Banana Cake Pop

To configure Banana Cake Pop or other middleware settings, you can chain in the server options with the GraphQLEndpointConventionBuilder.

C#
public void Configure(IApplicationBuilder app, IWebHostEnvironment env)
{
if (env.IsDevelopment())
{
app.UseDeveloperExceptionPage();
}
app.UseWebSockets();
app.UseRouting();
app.UseEndpoints(
e => e.MapGraphQL().WithOptions(
new GraphQLServerOptions
{
Tool = { Enable = false }
}));
}

Execution Engine

While the new Configuration API is the first change, you will notice we changed a whole lot more underneath. One of the most significant investments we made was into our new execution engine. The new execution engine uses a new operation optimizer component to create execution plans and optimize executing requests. The first request now is a little slower since we need to essentially compile a query and then execute it. All consecutive requests can now simply execute and no longer need to interpret things like skip, include, defer, and other things.

With the new execution engine, we also introduced a new batching mechanism that is now much more efficient and abstracts the batching mechanism from DataLoader, meaning you can write your own batching functionality and integrate it. The stitching layer, for instance, does this to batch requests to the downstream services.

Apart from this, the new DataLoader API now follows the DataLoader spec version 2 and lets you inject the batch scheduler into the DataLoader. This makes it now easy to use Green Donut in your business logic. The beauty of this is that you do not need to expose any GraphQL libraries into your business layer and are able to layer your application nicely.

We also rewrote the validation layer for Hot Chocolate to make it much more correct and much faster on execution. To make the query validation more correct and ensure quality, we have ported all the graphql-js tests regarding validation to Hot Chocolate. While porting and integrating these tests, we found countless little issues with our implementation of field merging, for instance.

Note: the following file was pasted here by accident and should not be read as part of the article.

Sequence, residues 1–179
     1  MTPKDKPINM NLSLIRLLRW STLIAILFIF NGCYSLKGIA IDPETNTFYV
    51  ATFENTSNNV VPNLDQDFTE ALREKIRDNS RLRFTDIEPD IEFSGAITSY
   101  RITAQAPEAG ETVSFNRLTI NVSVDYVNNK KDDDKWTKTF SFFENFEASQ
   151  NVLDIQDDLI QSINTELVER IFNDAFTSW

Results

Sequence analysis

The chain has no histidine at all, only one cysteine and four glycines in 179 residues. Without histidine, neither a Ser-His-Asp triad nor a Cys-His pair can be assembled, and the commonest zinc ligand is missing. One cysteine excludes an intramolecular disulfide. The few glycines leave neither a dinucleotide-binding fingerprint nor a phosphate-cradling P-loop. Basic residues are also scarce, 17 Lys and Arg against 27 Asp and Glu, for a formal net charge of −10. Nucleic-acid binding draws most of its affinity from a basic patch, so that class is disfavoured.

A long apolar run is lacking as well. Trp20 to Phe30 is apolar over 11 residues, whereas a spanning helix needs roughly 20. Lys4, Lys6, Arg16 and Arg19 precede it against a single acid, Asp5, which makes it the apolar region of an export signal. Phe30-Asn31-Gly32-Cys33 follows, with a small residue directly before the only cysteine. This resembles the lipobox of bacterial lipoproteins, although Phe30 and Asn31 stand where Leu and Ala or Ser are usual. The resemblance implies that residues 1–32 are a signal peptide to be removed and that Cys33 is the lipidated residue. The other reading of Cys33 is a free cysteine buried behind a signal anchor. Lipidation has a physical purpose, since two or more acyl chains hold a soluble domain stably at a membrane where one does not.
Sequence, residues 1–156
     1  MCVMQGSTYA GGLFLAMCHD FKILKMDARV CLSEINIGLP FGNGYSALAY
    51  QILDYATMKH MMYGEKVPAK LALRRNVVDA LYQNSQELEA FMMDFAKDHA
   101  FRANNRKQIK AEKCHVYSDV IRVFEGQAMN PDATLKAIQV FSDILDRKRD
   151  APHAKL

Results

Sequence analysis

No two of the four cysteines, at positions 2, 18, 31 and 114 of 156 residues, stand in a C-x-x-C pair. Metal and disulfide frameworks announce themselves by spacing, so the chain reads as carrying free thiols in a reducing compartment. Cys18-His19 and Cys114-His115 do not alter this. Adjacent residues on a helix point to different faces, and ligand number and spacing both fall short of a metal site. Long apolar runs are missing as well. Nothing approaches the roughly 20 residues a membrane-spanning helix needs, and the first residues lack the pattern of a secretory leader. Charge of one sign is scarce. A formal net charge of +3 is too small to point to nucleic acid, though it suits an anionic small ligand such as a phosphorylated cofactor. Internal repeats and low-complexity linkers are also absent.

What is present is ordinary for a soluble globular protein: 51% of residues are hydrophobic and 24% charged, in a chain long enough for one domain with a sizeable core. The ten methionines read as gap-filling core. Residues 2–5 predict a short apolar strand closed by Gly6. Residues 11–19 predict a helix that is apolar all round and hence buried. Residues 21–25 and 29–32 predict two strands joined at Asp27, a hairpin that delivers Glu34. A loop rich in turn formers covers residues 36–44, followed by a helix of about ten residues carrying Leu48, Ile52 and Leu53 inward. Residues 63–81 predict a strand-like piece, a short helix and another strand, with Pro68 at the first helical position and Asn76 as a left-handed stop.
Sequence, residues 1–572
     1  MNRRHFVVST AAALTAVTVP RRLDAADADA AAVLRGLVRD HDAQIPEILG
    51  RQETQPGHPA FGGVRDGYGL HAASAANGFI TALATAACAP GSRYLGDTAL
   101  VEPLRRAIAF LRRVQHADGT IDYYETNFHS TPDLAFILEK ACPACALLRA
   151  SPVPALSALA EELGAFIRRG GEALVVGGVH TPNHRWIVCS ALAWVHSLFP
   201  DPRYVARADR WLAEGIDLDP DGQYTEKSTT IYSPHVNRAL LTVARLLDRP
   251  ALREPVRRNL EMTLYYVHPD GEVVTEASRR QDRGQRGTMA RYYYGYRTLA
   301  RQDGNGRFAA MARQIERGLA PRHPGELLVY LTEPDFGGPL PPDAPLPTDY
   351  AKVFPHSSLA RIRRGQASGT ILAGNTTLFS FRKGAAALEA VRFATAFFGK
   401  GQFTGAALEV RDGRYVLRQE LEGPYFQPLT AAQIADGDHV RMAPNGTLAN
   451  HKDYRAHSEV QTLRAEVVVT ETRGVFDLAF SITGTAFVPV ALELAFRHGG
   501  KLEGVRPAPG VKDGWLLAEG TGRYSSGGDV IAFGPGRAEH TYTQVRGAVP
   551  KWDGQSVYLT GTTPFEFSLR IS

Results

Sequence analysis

So, what do we mean with much faster execution? We put a lot of effort into reducing our memory footprint to execute more in parallel.

Let's have a look at how Hot Chocolate 11 compares to GraphQL .NET Server 4.3.1.

ServerBenchmarkTimeAllocated
Hot Chocolate 11Three Fields11.947.49 KB
GraphQL .NETThree Fields46.3630.59 KB
Hot Chocolate 11Small Query with Fragments43.3213.64 KB
GraphQL .NETSmall Query with Fragments138.56135.41 KB
Hot Chocolate 11Introspection750.96392.31 KB
GraphQL .NETIntrospection2277.242267.26 KB

Hot Chocolate 11 uses a lot less memory and, on top of that, uses a lot less time to execute queries. But we also looked at other GraphQL servers and added Hot Chocolate to a variety of benchmarks.

For instance, we ran tests against the Apollo GraphQL server and other nodejs GraphQL servers.

ServerRequests / second
Hot Chocolate 1119983.2
graphyne17918.4
express-gql5931.4
apollo-fastify-graphql-jit4046.2
apollo2697.1

In our throughput tests, we can see that Hot Chocolate outperforms any node-based GraphQL server. Hot Chocolate is optimized for parallel requests meaning the more CPU cores your system has, the better Hot Chocolate server performs. This also means that if you have, for instance, only one CPU core graphyne will actually perform better. But even with less parallelization, Hot Chocolate turns up in the top three ahead of Express GraphQL and Apollo GraphQL.

This said, we are not done on performance and pulled the two biggest performance features on the execution side since we could not get them done in time for the 11 release. We already have seen huge potential in improving the overall performance of the server by using source generators. Source generators let us move a lot of the logic into the build process instead of executing resolver compilation at runtime. Also, we pulled a lot of our execution plan optimizers that would rewrite the execution tree to optimize data fetching. These performance improvements will trickle in with the next dot releases and should push Hot Chocolate further.

Relay